All but a handful of vehicles belonging to Tower Hamlets Council are diesel powered, despite the council declaring a climate emergency and claiming to support community health.
A Freedom of Information request submitted by Tower Hamlets Conservative Party revealed that 187 out of the 201 vehicles owned by the authority had diesel engines. Environmental groups have now called on the council to ‘green’ its vehicle fleet as soon as possible.
Nick Stovold, the former Conservative Party candidate for Bethnal Green and Bow at the General Election last week, told Eastlondonlines: “If a council declares a Climate Emergency, which any sane person accepts is indeed the case, they shouldn’t be running 95% of their vehicles on diesel.”
By using these vehicles, the council appear to be contradicting their own policies and programmes, for example, the controversial Liveable Streets policy which aims to curb air pollution by reducing traffic intensity in the area, and the Breathe Clean scheme that also tries to reduce vehicle air pollution.
Despite incentives for motorists to switch to diesel under Gordon Brown, the government and scientists now tend to have an anti-diesel agenda.
Although diesel cars tend to emit less carbon dioxide than petrol cars, they release a higher proportion of Nitrogen oxide (NO2).
Research suggests NO2 emissions from diesel can lead to lung and respiratory problems, skin and eye irritation, and fatigue and nausea.
Dr Jackie Applebee, a local GP involved in a Tower Hamlets campaign against pollution told Eastlondonlines: “Tower Hamlets air is massively polluted and Tower Hamlets children have significantly lower lung capacity than those in areas with less major roads.”
“We all have a responsibility to do all we can, but governments, both local, national and international have to do far, far more, right now … they will say that cuts to local authorities tie their hands, but they need to be far bolder and stop hiding behind these obstacles.”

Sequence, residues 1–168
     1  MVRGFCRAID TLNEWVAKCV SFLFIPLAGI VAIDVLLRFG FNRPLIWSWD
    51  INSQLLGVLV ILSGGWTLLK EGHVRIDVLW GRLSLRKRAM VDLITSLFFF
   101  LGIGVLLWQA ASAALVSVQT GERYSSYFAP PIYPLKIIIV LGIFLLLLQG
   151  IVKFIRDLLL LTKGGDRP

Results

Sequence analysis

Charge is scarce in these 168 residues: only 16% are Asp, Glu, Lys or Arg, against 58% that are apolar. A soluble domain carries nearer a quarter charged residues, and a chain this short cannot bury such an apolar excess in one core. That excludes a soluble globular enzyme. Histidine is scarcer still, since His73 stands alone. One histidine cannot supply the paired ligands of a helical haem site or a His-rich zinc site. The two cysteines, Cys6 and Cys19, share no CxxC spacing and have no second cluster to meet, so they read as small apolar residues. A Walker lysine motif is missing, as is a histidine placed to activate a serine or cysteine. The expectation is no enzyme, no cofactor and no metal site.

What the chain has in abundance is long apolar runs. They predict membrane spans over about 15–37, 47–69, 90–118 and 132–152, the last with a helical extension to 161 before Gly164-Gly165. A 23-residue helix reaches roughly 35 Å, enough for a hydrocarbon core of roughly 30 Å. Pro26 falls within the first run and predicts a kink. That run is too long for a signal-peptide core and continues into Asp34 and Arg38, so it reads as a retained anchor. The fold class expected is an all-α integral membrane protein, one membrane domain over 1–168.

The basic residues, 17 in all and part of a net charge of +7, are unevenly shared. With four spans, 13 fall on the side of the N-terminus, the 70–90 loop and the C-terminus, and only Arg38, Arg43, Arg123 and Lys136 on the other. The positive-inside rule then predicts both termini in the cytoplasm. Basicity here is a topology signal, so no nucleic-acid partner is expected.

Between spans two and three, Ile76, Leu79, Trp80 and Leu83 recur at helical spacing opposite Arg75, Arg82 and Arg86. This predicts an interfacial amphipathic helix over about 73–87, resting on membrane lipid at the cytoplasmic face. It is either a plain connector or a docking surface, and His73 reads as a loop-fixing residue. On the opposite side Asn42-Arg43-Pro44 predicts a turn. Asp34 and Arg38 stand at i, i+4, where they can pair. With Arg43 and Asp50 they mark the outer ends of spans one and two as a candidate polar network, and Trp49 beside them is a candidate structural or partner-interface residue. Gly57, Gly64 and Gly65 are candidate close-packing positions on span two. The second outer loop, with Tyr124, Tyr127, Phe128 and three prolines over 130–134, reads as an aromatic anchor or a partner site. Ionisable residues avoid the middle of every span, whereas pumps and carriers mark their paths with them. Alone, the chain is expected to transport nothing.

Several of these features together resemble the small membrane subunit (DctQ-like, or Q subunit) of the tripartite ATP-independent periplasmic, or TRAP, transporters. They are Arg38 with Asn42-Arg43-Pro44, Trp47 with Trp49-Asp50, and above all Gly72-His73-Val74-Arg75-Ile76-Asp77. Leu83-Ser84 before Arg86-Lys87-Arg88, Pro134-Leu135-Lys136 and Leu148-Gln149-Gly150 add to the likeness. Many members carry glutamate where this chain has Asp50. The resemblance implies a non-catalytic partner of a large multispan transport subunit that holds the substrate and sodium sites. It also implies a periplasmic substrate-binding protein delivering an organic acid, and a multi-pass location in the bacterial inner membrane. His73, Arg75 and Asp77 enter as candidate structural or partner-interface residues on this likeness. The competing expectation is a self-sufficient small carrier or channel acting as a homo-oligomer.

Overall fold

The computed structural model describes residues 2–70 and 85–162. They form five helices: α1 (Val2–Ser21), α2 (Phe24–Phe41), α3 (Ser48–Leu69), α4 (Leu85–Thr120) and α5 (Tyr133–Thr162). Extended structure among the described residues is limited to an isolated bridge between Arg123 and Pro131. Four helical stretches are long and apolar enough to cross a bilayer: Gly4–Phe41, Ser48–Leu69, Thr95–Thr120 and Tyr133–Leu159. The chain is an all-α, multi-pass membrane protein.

A spokesperson for Extinction Rebellion Tower Hamlets told Eastlondonlines: “Tower Hamlets Council deserves credit for acting as a leader in local government by declaring a climate crisis early. But these figures highlight the potential for a disjuncture between rhetoric and reality. The acid test of the Council’s commitment will be whether it can put in place and execute on a plan to green its fleet of vehicles.”
Hospital admissions for asthma for young people aged 19 and under in Tower Hamlets are 192.9 per 100,000. This is well over both the London and national averages.
NO2 also has an adverse effect on air pollution.
Currently, 15 per cent of residents are exposed to NO2 levels that exceed the EU limit and 40 per cent live in areas which contravene EU and government air pollution guidelines.
Nationally, by 2040, the government plans to ban the sale of all diesel and petrol vehicles in an effort to curb air pollution across the UK.
Last month, Eastlondonlines reported that Tower Hamlets was one of the London boroughs predicted to be below sea levels, due to human induced climate change, by 2030.
Tower Hamlets Council were approached for comment but were unable to provide one at the time of publication.